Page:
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Posted by on Apr 2016 in All Stories, Features, Member Support | 0 comments

Are you prepared to meet your health and safety responsibilities?

Fire alarmWhether your organization has two staff members or two hundred, every employer is required by law to put certain protections in place for the health and safety of their employees.

Larger housing providers may benefit from having the expertise of dedicated human resources and health and safety professionals on staff, but in smaller organizations everyone from property managers, board members, facilities managers and maintenance staff has a role to play in meeting the organization’s health and safety responsibilities.

Being on top of organizational health and safety means expecting the unexpected, and being prepared to react appropriately to any scenario. For example, do you know what steps you and your organization should take if:

  • A staff member or contractor suffers a serious injury on your property?
  • You receive a written recommendation from your health and safety committee concerning a potential health and/or safety hazard to your employees?
  • One or more employees exercise their right to refuse unsafe work?
  • One of your staff experiences workplace violence or harassment?

Even for the most seasoned human resources professional, it can be challenging to keep a cool head while managing health and safety emergencies, which require quick thinking under pressure. In these instances, having an up-to-date and comprehensive health and safety policy in place can make a world of difference. In an emergency, it will become your most trusted resource, and potentially even a life-saving one.

It’s time to review your health and safety policy

Your health and safety policy should be reviewed on a regular basis to ensure it meets legislative requirements and the needs of your organization. A good health and safety policy should cover these key areas:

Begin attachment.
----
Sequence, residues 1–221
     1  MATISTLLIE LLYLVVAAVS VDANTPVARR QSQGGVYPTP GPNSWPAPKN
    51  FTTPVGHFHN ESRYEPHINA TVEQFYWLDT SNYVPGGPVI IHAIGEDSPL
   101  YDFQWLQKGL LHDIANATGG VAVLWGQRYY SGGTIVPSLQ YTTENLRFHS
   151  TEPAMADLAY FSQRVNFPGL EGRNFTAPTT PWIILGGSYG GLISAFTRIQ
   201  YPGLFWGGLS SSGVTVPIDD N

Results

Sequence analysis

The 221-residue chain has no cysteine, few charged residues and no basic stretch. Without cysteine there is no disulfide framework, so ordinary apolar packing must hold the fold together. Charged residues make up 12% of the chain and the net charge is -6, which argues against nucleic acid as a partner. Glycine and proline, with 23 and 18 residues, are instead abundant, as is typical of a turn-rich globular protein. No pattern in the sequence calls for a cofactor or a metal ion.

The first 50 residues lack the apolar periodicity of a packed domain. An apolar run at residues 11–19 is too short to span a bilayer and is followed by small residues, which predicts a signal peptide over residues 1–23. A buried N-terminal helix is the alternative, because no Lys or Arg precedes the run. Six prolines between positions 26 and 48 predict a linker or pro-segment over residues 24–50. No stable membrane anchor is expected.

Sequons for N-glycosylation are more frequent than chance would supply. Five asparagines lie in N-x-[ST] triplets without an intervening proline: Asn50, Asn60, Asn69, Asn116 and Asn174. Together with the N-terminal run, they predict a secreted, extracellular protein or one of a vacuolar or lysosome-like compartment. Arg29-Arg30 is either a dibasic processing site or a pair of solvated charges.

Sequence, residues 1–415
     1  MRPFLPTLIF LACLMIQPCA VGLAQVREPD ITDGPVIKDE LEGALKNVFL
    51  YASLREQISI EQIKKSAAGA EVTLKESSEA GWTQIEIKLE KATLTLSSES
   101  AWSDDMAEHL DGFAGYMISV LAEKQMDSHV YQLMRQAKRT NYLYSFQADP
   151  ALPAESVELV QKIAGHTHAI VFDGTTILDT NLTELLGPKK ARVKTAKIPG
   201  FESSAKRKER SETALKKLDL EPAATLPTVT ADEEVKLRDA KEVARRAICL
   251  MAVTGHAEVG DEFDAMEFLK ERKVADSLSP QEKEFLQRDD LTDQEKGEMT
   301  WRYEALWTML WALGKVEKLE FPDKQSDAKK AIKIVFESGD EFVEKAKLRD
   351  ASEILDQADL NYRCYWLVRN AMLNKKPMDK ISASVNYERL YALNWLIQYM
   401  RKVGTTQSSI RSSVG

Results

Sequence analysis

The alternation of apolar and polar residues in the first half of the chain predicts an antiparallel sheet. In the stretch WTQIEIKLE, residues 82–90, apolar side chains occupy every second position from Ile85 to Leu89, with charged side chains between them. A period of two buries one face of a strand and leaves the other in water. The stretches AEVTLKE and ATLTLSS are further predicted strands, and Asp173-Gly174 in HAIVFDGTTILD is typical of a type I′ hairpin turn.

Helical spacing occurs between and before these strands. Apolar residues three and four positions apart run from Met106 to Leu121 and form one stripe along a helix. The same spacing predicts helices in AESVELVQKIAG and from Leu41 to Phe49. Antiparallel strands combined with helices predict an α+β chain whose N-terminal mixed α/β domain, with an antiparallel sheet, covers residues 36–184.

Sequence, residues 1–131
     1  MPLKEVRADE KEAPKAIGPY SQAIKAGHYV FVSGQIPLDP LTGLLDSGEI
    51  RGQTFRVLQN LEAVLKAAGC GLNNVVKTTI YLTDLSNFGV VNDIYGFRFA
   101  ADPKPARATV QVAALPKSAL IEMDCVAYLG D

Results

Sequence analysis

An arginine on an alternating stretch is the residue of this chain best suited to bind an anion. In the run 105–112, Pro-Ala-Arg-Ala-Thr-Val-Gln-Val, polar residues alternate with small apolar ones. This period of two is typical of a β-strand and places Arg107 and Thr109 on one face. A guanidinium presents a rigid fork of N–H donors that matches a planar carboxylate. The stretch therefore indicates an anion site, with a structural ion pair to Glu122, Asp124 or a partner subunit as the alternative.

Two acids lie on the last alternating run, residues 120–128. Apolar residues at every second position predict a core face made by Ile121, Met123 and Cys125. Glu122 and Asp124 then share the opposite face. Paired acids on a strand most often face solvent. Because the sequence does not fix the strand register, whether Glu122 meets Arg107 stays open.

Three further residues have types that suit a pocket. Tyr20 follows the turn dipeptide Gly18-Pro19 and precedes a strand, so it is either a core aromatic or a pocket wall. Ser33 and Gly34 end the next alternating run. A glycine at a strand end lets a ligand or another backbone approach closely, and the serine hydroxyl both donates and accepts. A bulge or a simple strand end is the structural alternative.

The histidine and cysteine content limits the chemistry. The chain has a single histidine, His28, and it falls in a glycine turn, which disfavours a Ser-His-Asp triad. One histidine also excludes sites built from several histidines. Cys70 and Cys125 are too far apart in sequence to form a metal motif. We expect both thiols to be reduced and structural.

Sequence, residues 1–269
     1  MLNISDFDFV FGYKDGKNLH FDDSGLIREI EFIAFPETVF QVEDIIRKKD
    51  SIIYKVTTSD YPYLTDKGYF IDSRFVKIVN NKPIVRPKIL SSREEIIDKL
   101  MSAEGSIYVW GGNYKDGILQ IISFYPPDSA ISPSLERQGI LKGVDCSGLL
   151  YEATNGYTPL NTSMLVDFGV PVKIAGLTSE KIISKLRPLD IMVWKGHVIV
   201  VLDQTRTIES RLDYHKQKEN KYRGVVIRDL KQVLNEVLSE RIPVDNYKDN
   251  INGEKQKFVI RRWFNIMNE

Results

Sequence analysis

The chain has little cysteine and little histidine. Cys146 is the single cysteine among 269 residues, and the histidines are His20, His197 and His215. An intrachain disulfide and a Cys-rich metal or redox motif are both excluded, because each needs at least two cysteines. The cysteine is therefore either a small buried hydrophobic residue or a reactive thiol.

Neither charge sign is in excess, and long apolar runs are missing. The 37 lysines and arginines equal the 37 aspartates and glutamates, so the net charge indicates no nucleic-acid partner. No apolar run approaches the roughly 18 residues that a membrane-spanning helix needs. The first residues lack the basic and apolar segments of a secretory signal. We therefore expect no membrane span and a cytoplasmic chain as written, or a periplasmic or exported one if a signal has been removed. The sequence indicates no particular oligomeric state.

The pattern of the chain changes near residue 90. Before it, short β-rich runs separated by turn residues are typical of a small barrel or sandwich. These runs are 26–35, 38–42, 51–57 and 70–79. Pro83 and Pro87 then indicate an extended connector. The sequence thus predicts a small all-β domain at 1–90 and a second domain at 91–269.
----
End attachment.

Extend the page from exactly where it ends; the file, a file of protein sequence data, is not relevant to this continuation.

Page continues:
• Policy statement: Detailing your organization’s commitment to health and safety, and to complying with relevant legislation.
  • Responsibilities: Everyone has a role to play in protecting health and safety. Your policy should clearly outline the specific expectations and responsibilities of senior management, supervisors, staff, constructors and contractors, and health and safety representatives or committees.
  • Training and orientation: What processes and expectations are in place to orient new staff and educate existing staff on your organizations health and safety procedures?
  • First aid: Where are first aid kits located and what should they include? Who is qualified to administer first aid treatment, and where/how will this information be made available?
  • Prevention and promotion: What steps are being taken to promote overall workplace health and safety and to prevent workplace incidents and injuries?
  • Inspections and reporting: How and how often will health and safety inspections take place, and what will they cover? What is the process for reporting (and responding to) potential hazards?
  • Communication: How will you keep your staff informed, and how will you communicate to address and respond to formal complaints or concerns?
  • Accidents, Injuries and Incidents: What is the process for responding to, reporting and following up on / investigating workplace accidents, injuries or other incidents? In the case of a workplace injury, what are the immediate steps for responding to critical versus minor injuries?

Get a head start on your policies

Developing a comprehensive health and safety policy takes time. It also requires a detailed understanding of current legislation, human resources and health and safety best practices, and how these apply to the non-profit housing environment.

If you need to create a policy, or update a new one, a good place to start is with ONPHA’s recently released Human Resources Handbook. This guide draws on the detailed knowledge of legal experts, human resources consultants, and health and safety advisors to address the specific needs of Ontario’s non-profit housing providers. Updated to reflect current legislation and emerging sector trends, the handbook can help with:

  • Navigating legislation and meeting your legal requirements
  • Setting policies and procedures for your workplace
  • Meeting your health and safety responsibilities
  • Managing day-to-day or unexpected HR scenarios, from recruitment and performance management to handling resignations and terminations

Communicate

Once you have updated your health and safety policy, ensure your staff are aware of any changes. Keep the policy somewhere that’s easy to find and let your employees know who they should speak to if they have any questions about it. Engaging your staff early about their role and responsibilities can prevent misunderstandings during and following emergency situations.

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